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Scientists from Caltech, MIT, and a few other organizations have found a super-dense collapsed star disassembling another star. A third star orbiting the pair from a substantial distance is also a first in astronomy.
The Black Widow Pulsar
A supernova is a massive star that explodes at the end of its life cycle, and a massive star explodes as a supernova. Depending on the star’s original size, the core then collapses into either a super-dense neutron star or black hole — it is like taking the sun’s mass and stuffing it into an area of an average city.
A pulsar is a type of neutron star. These stars rotate fast as it beams radiation in opposite directions. If the beams cross an astronomer’s line of sight, it makes the star look as if it is pulsing.
A black widow pulsar steals matter from a star close by. This consistent flash of radiation from the pulsar leads the side of the nearby star facing it (the “day” side) to be considerably brighter and hotter than its other side (the “night” side).
Finding Binary Star Systems
There have been two dozen black widow binary star systems that have been found in the Milky Way galaxy by searching for the pulsar’s streaks of X-ray and gamma radiation.
Although, a new study published in Nature took a new approach.
Study author Kevin Burdge said, “Instead of searching directly for the pulsar, try to find the star cannibalizing.”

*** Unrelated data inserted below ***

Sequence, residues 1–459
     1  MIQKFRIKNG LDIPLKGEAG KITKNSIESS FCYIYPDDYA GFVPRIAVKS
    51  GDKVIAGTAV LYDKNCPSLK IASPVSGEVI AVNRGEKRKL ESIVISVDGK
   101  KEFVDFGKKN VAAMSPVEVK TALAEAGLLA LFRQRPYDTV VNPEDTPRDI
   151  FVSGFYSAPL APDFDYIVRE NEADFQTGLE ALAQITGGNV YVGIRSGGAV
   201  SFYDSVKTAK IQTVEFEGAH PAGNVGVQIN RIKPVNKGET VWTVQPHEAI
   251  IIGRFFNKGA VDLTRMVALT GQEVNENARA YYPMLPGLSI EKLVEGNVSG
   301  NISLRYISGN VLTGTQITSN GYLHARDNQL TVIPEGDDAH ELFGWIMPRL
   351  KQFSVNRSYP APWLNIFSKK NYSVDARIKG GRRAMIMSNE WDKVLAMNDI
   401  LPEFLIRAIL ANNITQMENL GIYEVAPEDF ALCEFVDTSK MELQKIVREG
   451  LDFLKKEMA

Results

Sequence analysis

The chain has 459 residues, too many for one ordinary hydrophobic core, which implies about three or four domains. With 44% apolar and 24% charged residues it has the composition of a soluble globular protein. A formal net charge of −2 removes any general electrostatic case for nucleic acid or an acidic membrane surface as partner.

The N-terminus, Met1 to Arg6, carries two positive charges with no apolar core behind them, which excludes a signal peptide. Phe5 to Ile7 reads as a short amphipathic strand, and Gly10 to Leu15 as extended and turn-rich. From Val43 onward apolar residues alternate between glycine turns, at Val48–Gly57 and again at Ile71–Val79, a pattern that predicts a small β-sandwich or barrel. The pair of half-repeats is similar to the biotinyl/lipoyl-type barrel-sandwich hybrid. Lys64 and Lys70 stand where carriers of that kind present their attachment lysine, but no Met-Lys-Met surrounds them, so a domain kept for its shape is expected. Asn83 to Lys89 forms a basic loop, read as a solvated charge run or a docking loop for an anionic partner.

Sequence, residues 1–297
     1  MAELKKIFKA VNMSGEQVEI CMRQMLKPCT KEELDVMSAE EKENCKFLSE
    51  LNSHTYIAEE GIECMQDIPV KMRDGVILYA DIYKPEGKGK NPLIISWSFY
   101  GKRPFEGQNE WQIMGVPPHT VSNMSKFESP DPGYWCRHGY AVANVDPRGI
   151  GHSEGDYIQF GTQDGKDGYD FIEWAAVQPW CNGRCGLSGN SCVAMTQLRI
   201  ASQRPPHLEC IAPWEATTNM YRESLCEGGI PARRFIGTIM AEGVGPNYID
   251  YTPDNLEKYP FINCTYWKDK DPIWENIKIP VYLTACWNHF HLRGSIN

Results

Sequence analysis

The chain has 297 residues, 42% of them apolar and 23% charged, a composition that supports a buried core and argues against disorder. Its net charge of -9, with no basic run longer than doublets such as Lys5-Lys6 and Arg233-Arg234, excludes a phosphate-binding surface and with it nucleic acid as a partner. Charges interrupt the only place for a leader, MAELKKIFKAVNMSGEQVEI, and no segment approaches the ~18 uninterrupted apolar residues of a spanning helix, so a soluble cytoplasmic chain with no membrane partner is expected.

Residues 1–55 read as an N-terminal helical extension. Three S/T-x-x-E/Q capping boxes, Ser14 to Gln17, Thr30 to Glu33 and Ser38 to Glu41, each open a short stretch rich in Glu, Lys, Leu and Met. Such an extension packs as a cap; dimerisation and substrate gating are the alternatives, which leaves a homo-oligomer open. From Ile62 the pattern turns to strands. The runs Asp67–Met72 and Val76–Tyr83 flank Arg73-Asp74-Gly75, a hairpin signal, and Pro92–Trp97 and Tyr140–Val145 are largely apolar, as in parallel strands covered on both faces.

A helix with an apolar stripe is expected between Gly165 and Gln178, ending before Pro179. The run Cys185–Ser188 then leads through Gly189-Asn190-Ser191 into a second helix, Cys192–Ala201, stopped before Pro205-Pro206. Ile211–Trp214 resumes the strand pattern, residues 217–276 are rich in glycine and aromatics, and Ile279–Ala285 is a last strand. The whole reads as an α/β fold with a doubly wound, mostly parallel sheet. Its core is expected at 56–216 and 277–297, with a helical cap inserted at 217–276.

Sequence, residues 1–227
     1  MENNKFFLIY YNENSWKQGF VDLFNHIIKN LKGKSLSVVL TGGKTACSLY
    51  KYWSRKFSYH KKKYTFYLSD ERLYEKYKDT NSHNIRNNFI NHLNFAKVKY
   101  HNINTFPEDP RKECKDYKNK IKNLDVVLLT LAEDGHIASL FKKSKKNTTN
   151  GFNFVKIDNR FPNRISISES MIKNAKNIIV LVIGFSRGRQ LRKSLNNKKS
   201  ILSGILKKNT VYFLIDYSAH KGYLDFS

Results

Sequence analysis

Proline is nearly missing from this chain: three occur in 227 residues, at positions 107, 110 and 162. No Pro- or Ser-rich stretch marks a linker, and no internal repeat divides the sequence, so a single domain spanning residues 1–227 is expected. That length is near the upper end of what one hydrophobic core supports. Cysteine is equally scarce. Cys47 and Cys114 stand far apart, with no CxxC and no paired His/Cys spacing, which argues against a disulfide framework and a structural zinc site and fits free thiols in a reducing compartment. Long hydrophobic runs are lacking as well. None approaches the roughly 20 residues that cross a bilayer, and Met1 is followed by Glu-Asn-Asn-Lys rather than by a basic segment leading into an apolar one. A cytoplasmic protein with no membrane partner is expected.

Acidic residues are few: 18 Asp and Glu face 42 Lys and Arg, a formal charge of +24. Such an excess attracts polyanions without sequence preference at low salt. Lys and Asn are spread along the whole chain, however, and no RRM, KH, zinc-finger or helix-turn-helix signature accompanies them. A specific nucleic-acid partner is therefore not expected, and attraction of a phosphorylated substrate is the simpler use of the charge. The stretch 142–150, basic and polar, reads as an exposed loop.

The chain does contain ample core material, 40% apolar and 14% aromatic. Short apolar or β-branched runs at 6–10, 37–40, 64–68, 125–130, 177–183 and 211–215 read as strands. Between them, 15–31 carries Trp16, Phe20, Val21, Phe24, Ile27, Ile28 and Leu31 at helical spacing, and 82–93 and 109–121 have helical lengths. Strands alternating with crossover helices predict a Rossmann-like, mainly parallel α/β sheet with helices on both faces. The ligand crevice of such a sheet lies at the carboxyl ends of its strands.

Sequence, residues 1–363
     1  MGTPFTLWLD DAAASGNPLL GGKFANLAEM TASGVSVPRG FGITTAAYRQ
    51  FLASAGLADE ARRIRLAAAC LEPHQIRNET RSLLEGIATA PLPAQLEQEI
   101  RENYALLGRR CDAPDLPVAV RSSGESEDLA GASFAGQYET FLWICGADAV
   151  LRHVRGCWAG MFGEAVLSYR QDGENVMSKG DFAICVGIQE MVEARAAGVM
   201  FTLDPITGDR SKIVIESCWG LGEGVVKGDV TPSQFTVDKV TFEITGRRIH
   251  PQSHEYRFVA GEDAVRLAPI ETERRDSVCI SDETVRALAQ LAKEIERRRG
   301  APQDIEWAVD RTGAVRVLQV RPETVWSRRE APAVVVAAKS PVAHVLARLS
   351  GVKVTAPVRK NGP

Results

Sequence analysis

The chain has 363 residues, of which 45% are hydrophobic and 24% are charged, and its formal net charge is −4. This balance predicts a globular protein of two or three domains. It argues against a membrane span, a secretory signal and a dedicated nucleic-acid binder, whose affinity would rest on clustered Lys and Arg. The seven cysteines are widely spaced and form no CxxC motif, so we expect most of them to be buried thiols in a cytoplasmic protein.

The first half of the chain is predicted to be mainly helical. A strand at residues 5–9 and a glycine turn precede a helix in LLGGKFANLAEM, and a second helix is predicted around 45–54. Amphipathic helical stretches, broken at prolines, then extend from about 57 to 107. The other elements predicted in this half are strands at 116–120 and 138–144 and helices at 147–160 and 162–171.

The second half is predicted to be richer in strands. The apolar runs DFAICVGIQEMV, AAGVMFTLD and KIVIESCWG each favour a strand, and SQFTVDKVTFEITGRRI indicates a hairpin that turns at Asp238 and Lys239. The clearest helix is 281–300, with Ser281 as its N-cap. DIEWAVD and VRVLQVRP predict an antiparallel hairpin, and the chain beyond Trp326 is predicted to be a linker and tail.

Scientists looked through copious amounts of telescope data for stars whose glow changed radically (by at least a factor of 10 or more) each hour — that is what astronomers expected a binary star to look like from Earth when it is getting baked by a black widow pulsar.
Using this method, scientists were able to find 12 known black widow binary star systems. However, they would also find a new star whose glow changed every 62 minutes, suggesting that an unknown black widow pulsar was eating it.
Black Widow Binary Star Systems
How this black widow binary star system was detected is just one of the various exciting things. The 62-minute-long orbital period is a lot shorter than all known systems, and it is being orbited by a very distant third star that occurs every 10,000 years.
It isn’t clear how these three stars came to create this system, and it is known as “ZTF J1406+1222,” although MIT thinks they began in a dense cluster of stars ripped apart by a supermassive black hole found at the center of the Milky Way.
A Pulsar Future
The team has not confirmed their black widow pulsar that uses X-ray or gamma detection, so it is a candidate. Thus, they plan to study it further and use the optical method to look for more systems.